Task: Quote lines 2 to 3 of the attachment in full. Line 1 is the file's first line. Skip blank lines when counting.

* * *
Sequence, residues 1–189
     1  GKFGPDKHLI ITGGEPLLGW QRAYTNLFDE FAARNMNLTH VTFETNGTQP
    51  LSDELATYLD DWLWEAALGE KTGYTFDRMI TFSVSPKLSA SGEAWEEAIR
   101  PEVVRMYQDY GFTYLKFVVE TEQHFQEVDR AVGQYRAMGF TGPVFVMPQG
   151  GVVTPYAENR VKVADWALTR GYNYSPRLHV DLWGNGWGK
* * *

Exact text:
     1  GKFGPDKHLI ITGGEPLLGW QRAYTNLFDE FAARNMNLTH VTFETNGTQP
    51  LSDELATYLD DWLWEAALGE KTGYTFDRMI TFSVSPKLSA SGEAWEEAIR